Time heals all wounds, or something. In a strongly worded editorial in today’s paper, The New York Times reminded readers that “Mr. Snowden was clearly justified in believing that the only way to blow the whistle on this kind of intelligence-gathering was to expose it to the public and let the resulting furor do the work his superiors would not.” The Times also gave some real talk to Edward Snowden haters worldwide: “The shrill brigade of his critics say Mr. Snowden has done profound damage to intelligence operations of the United States, but none has presented the slightest proof that his disclosures really hurt the nation’s security.”
Author Archive | David Seaman
Nothing like that demented mainstream media narrative: talking about the Duck Dynasty guy’s personal views on gays non-stop, but kicking real stories like the Fukushima ongoing radiation crisis to the curb.
And when it comes to innovative technologies like Bitcoin, “our” “free” press is equally off the rocker.
Back in January, one Bitcoin fetched $13. When I began covering it on my podcast, the price was around $10 per coin. Today, even “post-crash” in mainstream media parlance, the same coin is worth $702 on the Mt. Gox exchange. That is a 54x return year to date, and the year’s not even finished yet. Find me a stock that has gained 54x during the same time period — would the media label that a “crash” also? I don’t think so.
The media is not your friend. Unless your name is JPMorgan Chase or Bank of America.
And the group who could be most helped by Bitcoin’s promise of frictionless money, liberated from constant fees, is the American middle class – a middle class hammered by increasingly stringent credit history requirements for loans, ruthless foreclosures, insane student loan debt.… Read the rest
The following is an excerpt from The Bitcoin Primer: Risks, Opportunities, And Possibilities, my new book on global digital currency Bitcoin.
I’m an early adopter of the technology, having become interested back in October 2012 when I had major Bitcoin angel investor Roger Ver on my podcast.
What is Bitcoin? What’s so novel about it?
Bitcoin is a peer to peer decentralized digital currency. It makes use of advanced elliptic curve mathematics and cryptography, as well as a globally replicated public ledger called the Blockchain.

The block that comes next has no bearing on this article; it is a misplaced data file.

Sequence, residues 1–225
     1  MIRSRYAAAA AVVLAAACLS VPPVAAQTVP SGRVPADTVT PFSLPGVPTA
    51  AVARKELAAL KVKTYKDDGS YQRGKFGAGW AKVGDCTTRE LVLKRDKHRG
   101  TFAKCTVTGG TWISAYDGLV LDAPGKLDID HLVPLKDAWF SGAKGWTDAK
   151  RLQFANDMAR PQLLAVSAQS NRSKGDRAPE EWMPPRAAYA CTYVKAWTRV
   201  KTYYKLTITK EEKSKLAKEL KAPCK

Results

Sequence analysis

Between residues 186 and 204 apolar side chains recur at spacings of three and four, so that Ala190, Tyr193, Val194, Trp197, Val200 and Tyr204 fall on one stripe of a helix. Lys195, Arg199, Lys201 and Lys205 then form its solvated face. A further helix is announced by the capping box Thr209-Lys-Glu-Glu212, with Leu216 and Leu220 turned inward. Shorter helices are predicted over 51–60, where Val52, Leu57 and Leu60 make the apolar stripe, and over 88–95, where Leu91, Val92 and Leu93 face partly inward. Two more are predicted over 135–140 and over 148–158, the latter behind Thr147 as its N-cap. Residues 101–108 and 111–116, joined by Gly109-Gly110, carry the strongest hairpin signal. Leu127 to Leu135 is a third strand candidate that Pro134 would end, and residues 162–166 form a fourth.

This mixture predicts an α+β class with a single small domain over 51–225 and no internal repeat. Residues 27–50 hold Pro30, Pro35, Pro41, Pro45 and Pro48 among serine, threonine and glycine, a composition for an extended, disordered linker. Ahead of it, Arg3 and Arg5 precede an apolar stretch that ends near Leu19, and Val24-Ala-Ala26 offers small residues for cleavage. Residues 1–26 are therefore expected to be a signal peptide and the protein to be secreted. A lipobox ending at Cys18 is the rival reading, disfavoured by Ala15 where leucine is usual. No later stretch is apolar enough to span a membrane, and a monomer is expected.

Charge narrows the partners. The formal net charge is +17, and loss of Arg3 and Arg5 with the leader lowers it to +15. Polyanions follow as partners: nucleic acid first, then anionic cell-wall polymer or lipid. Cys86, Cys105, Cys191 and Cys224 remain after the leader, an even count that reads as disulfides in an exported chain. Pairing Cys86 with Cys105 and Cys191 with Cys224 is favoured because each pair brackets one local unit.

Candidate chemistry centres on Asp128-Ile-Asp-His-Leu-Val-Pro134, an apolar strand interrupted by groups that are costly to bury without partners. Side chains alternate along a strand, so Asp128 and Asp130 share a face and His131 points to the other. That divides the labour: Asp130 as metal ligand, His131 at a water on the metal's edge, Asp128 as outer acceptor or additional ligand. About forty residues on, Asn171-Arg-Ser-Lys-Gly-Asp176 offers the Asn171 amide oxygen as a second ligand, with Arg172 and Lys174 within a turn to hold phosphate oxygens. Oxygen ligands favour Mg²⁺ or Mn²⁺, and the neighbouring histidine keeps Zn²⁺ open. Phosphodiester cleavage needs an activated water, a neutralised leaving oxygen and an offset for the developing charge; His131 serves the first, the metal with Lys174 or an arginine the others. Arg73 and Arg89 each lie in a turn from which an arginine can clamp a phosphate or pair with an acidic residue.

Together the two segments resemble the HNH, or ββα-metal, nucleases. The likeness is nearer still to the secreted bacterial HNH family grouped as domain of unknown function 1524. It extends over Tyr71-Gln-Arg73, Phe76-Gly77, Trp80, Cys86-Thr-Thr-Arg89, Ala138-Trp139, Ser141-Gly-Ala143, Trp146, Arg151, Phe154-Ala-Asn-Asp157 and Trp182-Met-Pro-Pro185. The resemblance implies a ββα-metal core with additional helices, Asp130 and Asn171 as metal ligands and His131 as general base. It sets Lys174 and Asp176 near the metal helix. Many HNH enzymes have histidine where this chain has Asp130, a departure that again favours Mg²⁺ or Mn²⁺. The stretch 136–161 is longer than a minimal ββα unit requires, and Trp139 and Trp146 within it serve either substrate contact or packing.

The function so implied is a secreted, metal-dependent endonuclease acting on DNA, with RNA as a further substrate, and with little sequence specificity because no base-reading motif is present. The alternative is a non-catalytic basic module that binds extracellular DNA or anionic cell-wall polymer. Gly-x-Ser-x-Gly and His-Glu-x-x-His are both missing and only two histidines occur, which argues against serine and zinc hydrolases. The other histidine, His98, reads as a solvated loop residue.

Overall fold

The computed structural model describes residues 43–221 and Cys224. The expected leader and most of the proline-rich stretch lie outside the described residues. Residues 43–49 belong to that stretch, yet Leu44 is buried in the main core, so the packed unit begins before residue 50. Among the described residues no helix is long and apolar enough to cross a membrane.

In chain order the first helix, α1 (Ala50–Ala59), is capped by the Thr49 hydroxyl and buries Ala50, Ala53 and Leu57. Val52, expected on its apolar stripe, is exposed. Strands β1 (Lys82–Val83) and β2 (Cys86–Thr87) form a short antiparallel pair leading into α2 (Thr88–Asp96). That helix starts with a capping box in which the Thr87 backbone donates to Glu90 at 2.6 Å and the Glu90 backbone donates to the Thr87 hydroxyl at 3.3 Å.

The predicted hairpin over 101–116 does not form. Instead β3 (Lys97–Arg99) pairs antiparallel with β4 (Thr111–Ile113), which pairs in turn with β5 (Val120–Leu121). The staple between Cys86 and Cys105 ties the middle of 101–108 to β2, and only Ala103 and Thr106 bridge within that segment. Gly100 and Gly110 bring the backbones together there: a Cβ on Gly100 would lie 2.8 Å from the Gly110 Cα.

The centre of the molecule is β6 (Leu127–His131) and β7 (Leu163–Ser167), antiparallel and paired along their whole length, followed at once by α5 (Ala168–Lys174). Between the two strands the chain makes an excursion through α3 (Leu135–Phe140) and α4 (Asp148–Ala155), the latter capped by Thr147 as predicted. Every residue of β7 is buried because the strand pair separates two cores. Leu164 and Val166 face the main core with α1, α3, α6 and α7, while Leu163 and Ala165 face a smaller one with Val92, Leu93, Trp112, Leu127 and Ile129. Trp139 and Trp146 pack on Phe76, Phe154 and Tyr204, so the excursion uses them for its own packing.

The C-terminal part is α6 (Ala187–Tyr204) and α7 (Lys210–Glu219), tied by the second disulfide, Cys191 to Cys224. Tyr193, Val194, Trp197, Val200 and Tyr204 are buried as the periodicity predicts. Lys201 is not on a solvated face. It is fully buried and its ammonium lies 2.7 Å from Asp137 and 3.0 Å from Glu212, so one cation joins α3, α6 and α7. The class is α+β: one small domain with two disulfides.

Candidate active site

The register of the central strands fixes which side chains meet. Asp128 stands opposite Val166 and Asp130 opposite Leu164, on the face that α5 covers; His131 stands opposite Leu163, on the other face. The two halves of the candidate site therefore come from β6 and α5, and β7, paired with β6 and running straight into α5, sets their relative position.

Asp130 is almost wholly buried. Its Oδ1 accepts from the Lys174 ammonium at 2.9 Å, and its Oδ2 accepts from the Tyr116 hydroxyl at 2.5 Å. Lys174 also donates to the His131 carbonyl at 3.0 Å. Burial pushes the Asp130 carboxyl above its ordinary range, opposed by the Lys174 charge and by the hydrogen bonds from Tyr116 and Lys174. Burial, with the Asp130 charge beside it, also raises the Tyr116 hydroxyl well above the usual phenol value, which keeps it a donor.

There are several things Bitcoin accomplishes that was previously not possible with e-currency.
OK. What are those things?
Bitcoin makes it impossible (or near impossible) for double-spend transactions to occur — in other words, when money leaves your possession, it is no longer yours. This was a huge challenge with digital currency because when you send a friend a music file, for example, how do you make it so that the file no longer exists on your computer?… Read the rest
As McClatchy news service reported, “The nation’s largest news organizations lodged a complaint Thursday against the White House for imposing unprecedented limitations on photojournalists covering President Barack Obama, which they say have harmed the public’s ability to monitor its own government.”
More details in the video. What’s fascinating about this: 1) these are major cable news networks, broadcast companies, and even The New York Times speaking out against the administration — and criticizing themselves.
“We must accept that we, the press, have been enablers,” the joint letter reportedly states. “We urge those of you in news organizations to immediately refrain from publishing any of the photographs or videos released by the White House, just as you would refuse to run verbatim a press release from them.”
More than 300 activists and journalists, including myself, sent in letters asking for leniency and compassion in this case. Given the fact that Hammond’s hack appeared to be an act of civil disobedience coming from a place of political conscience, and not a crime for profit, many were shocked by today’s ruling. Also shocking is the judge’s alleged conflict of interest, which I outline in today’s video. This is a case the mainstream media isn’t likely to spend much time on, but a young man’s life has been effectively ruined, so it’s worth getting to know the facts of the case — and spreading the word. More information about the case at FreeJeremy.net.